6 Static Pressure (STATPRES) Chamber static pressure (psia)

For internal chambers, the STATPRES input is used as an initial guess. For boundary chambers, STATPRES is the boundary value.

7 Relative Total Temperature (TOTTEMP) Chamber fluid total temperature (deg F)

This is either an initial guess or a fixed chamber temperature, depending on the value of TFIX.

8 Mach Number (XMRES) Chamber fluid Mach number.

If the chamber is a plenum chamber, then the XMRES input will be overwritten and set to 0. For internal chambers, the XMRES input is used as an initial guess.

9 Velocity Tangential Angle (THTARES) Chamber fluid Theta flow direction angle.

If the chamber is a plenum chamber, the THTARES input will be overwritten and set to 0 since it is undefined when the fluid velocity is 0. For internal chambers, THTARES is used as an initial guess.

10 Velocity Radial Angle (PHIRES) Chamber fluid Phi flow direction angle.

If the chamber is a plenum chamber, the PHIRES input will be overwritten and set to 0 since it is undefined when the fluid velocity is 0. For internal chambers, PHIRES is used as an initial guess.

11 Material (FS) This value identifies the type of fluid in the chamber. It must be set for boundary chambers (and accumulators and tanks). The fluid material for non-boundary chambers is automatically determined in the solver so FS is ignored.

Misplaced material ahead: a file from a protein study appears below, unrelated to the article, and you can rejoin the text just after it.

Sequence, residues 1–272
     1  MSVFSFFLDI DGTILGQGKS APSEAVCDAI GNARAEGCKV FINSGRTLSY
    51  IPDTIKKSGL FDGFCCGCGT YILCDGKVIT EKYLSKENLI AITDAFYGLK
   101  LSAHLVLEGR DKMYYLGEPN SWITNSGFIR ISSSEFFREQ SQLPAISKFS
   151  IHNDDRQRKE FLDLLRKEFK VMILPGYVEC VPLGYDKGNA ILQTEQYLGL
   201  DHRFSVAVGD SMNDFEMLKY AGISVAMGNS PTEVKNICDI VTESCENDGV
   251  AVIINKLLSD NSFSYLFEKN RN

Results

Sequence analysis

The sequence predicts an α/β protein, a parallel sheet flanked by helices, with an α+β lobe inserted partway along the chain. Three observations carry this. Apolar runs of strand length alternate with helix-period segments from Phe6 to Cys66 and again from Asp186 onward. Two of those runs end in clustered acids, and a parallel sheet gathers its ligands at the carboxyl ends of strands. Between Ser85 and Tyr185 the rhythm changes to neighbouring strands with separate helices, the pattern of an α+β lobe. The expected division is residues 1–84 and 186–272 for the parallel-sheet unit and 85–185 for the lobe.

Some typical FS values are:
• FS=0: ideal air, also needs PROPS=0
• 0<FS<1: mixture of air and steam (from built-in ASME properties table), FS indicates the mass fraction of the steam, also needs PROPS=0)
• FS=1: steam (from built-in ASME properties table), also needs PROPS=0)
• FS=30:Liquid Water
• FS=31: Jet-A
• FS=32:MIL_PRF_23699 Oil
• FS=33: MIL-L-7808 Oil
• FS=35: VG-32 Oil
• FS=40.xxx: Ethylene Glycol - Water Mixture, xxx=mass fraction of EG
• FS=41.xxx: Propylene Glycol - Water Mixture, xxx=mass fraction of PG
• FS>1000: Chamber fluid can be found in a component with number FS, used with custom fluids and fluids from Coolprop.
12 For Forward Flow (CH_XK_FWD) Chamber fluid swirl factor (XK). Swirl factor is the ratio of the fluid absolute tangential velocity to the chamber’s reference tangential velocity.

For vortex chambers, this is the swirl value that is used when flow is in the forward direction through the vortex element.

For non-vortex chambers, this is the swirl value that is delivered to elements with this chamber as their upstream chamber when the element flow is in the forward direction.

CH_XK_FWD is used as an initial guess if a cavity is attached to this chamber or if the XKFIX value is 0.

CH_XK_FWD takes precedence over the vortex element XK_FWD variable.

13 For Reversed Flow (CH_XK_REV) Chamber fluid swirl factor (XK). Swirl factor is the ratio of the fluid absolute tangential velocity to the chamber’s reference tangential velocity.

For vortex chambers, this is the swirl value that is used when flow is in the reverse direction through the vortex element.